Globally, wildlife has great potentials for meat production and serves as an important source of the highly desired animal protein to the people of Africa, both in urban areas and rural communities (Fonweban and Njiwe, 1990). The preference for such merit or the meat of commercially available game animals is widely accepted (Baptist and Mengah, 1986). However, with ever increasing human population and obvious protein shortage in Africa, there is the need for an exploration of other means to provide readily accepted meat or short terms basis.
Among the wild rodents, the cane rat, or cane rat or cane cutter is the most preferred (Goffey, 1981). Cane rat (Thryonomys swinderianus) is a wild hystricomophic rodent widely distributed in the African sub-region and exploited in most areas as a source of animal protein (NRC, 1991). Being the most preferred and one of the most expensive meats in West Africa including Nigeria, Togo, Benin, Ghana and Cote d’ Voire (Baptist and Mensah, 1998; Asibey and Addo, 2000), it constitutes to both local and export earning of most West Africa countries (NRC, 1991; Yeboah and Adamu, 1995). To alleviate this problem, attempts are being made in the sub-regional to domesticate the grass cutter (NRC, 1991; Addo, 2002) and make it more readily available, gain economic benefit and also reduce the environmental destruction that accompanies its collection from the wild.
Efficiently producing grass cutters in captivity demands that adequate nutrition is provided to ensure high productivity. However, grass cutter especially in the dry season poses a major challenge to produce in Nigeria. Despite the role cane rat rearing plays in the livelihood of most Nigerians and the contribution to the daily protein intake, if continued, cane rat meat causes a source of food-borne illnesses especially under the condition in which animals are handled, slaughtered, transported and sold in Nigerian markets. Prescott, et al., (2002) shown that food items especially meat, are not only of high nutritional value to those who consume them but often are ideal culture media for microbial growth, meat is one of the most perishable foods, indicates composition is ideal for growth of a wide range of spoilages bacteria (Mayr, et al., 2003).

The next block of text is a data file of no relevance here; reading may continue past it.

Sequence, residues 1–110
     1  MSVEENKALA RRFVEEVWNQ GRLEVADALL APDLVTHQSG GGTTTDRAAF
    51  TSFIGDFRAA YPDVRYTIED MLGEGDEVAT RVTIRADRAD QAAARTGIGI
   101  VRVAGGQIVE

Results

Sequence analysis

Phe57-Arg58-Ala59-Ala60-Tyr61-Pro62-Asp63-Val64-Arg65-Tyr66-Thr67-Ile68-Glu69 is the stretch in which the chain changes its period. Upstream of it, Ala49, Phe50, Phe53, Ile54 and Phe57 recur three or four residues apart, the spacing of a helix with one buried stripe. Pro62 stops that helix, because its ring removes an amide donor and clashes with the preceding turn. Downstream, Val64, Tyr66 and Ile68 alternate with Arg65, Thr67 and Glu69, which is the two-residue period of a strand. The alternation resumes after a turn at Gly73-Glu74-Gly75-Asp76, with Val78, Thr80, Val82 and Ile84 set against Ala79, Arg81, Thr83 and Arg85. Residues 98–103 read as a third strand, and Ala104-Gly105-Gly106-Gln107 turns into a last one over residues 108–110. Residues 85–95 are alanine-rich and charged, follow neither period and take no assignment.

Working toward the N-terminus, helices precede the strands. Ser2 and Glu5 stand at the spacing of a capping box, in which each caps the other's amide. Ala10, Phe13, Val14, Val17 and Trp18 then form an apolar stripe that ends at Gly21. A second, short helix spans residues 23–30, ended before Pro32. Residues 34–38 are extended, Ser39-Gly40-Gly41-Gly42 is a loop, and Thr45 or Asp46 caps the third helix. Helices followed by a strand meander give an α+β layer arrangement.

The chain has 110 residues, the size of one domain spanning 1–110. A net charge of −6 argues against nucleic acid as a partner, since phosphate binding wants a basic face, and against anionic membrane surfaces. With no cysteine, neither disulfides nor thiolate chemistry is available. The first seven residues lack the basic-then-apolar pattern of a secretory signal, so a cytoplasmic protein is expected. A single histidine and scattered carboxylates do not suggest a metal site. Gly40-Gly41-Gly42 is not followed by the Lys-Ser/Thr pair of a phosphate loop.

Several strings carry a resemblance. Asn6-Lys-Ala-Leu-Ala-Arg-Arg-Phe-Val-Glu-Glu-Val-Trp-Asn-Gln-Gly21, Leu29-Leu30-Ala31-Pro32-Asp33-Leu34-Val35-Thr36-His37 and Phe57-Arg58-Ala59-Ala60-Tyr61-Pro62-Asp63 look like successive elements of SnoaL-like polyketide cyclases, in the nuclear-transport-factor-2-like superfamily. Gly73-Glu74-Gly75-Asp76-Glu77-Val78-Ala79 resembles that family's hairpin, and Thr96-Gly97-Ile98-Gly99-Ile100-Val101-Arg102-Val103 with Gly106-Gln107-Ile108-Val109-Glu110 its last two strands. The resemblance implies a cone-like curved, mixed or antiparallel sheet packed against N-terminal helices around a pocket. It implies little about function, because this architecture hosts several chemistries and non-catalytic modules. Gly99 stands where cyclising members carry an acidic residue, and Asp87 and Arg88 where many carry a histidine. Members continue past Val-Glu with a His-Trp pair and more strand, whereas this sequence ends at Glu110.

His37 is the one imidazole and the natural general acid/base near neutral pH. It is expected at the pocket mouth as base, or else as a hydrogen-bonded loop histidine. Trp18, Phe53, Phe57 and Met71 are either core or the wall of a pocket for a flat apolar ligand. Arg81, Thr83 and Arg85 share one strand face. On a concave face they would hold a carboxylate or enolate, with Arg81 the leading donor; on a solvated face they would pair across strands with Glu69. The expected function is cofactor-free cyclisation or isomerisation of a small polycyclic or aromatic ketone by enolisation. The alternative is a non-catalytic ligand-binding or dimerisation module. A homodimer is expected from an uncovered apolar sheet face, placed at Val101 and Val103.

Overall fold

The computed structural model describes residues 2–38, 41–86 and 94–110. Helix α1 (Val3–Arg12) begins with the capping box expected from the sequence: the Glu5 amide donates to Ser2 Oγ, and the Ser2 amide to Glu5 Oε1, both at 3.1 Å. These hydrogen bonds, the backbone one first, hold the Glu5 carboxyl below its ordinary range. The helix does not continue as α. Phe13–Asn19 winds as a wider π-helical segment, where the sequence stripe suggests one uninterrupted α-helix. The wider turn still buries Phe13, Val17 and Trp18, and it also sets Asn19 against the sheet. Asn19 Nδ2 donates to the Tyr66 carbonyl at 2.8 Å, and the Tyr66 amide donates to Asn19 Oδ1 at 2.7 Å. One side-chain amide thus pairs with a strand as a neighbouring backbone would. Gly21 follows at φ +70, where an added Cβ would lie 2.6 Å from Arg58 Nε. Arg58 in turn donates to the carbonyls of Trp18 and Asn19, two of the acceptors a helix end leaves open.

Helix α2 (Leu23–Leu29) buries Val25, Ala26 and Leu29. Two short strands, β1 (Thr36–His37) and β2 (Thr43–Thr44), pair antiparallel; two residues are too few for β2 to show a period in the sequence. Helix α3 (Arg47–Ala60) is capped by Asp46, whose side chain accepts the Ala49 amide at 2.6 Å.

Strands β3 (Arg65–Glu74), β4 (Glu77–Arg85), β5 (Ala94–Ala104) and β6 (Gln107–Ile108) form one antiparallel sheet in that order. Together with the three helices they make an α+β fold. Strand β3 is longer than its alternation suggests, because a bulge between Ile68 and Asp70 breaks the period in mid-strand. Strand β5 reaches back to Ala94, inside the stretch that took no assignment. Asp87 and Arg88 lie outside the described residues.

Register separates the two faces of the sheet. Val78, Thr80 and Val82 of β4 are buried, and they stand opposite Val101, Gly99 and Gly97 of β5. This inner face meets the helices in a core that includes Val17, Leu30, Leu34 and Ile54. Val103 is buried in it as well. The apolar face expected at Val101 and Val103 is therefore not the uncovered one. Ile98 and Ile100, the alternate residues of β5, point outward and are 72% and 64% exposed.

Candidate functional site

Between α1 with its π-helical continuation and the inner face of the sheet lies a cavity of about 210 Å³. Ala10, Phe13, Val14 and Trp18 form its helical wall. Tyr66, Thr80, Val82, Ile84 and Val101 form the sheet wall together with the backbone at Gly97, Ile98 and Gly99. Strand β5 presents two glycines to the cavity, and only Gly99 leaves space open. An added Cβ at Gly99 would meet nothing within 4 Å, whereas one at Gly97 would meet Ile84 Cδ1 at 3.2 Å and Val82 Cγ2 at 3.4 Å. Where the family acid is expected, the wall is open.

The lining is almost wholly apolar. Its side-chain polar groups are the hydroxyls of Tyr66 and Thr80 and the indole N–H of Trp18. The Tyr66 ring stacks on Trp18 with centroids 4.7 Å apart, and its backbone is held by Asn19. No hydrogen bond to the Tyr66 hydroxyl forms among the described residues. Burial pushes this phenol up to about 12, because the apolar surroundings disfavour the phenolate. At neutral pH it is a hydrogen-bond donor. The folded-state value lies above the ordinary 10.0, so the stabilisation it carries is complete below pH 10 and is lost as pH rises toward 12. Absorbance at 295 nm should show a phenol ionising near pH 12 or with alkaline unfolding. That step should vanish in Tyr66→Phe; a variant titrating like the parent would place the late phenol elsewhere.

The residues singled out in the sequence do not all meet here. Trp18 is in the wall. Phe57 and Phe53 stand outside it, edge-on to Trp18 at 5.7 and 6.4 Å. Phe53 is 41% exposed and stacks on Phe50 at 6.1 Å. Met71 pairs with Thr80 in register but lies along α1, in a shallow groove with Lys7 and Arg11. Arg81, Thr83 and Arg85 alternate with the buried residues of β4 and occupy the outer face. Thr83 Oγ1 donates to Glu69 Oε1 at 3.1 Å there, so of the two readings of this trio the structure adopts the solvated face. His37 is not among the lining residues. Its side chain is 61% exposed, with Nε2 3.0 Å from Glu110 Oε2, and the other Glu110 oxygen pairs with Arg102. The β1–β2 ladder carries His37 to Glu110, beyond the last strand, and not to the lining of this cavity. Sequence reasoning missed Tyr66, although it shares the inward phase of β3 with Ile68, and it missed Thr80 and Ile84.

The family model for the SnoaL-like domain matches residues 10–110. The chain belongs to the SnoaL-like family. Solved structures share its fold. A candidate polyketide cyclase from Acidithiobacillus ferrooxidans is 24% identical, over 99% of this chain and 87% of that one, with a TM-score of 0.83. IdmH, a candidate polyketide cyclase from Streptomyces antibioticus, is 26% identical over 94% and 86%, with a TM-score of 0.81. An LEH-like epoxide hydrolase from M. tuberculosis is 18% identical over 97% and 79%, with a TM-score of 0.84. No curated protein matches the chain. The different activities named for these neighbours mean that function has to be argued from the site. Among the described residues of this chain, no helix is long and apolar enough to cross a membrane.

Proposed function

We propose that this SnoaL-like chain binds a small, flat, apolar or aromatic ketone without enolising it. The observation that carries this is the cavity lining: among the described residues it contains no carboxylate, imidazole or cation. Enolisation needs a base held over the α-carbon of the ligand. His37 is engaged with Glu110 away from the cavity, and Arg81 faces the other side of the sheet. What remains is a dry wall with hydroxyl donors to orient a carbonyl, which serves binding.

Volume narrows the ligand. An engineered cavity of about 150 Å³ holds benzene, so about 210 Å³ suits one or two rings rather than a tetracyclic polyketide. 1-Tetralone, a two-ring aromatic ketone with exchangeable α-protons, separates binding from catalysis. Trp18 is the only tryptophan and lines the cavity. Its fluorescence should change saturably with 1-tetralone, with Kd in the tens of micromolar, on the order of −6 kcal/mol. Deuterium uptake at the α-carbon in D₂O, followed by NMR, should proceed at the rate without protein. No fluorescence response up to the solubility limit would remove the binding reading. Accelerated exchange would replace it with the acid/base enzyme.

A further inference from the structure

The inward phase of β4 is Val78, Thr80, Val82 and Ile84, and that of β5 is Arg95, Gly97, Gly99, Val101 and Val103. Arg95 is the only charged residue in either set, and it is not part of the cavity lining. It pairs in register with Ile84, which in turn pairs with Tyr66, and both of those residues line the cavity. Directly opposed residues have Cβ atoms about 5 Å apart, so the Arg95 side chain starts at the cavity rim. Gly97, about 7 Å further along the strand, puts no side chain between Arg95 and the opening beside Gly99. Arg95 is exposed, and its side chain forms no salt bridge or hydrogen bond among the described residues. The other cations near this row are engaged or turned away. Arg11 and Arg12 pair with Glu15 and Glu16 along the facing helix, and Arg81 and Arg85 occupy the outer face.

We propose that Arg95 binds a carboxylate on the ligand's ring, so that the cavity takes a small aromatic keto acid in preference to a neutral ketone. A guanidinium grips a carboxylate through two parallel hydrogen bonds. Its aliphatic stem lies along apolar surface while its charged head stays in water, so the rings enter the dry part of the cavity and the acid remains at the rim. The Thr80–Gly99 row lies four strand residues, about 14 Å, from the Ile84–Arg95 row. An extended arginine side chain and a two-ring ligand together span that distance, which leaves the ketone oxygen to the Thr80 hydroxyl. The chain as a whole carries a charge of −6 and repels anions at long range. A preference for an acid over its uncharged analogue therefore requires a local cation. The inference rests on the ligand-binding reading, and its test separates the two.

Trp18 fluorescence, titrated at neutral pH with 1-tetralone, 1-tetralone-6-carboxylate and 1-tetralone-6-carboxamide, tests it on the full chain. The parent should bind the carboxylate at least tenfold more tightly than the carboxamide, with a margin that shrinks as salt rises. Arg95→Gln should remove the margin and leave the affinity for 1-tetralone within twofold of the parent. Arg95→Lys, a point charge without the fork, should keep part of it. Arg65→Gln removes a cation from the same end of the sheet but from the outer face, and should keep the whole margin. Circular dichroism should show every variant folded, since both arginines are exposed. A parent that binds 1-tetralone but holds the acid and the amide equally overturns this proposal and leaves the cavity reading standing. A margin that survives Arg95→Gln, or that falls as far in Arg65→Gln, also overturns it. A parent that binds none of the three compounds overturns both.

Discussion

Mukhopadhyay et al., (2009) also reported that fresh raw meat like cane rat meat has been implicated for a number of meat born infections and intoxications in several countries. This is because both pathogenic and non-pathogenic organisms live in the gastro intestinal tract (GIT) of cane rat which can be transformed onto the meat under faulty and poor processing conditions. The advocacy for domestication of cane rat becomes stronger as it accepts indoor housing with about 90% of animals acclimatizing to domestic housing within three months (Asibey and Addo, 2000), with the acceptability of the meat among Nigerians, regardless of their religious of faith and social status further underscores the importance of domesticating this animal. Due to the insatiable demand for the cane rat meat, some people have resorted to use poisons as bait to catch wild cane rat and this poses a serious health threat.
The inadequate supply of animal protein in developing countries has been attributed to inadequate production and high cost of conventional sources of animals protein (poultry, goat, meat, beef, mutton and pork) and cane rat meat, hence, an average Nigerian consumes only about a quarter of his minimum daily protein requirement (Oke, et al., 2004). To this end there has been increase in the consumption of bush meat. This increase has bridged the supply and demand protein gap (Abulude, 2004).
The objectives of this study are to:
1. Determine the microbial status of fresh cane rat
2. Determine the critical control points at which microbes are likely to contaminate the fresh cane rat along processing line.
3. Isolate, identify and characterize the microorganisms present in the fresh cane rat during processing.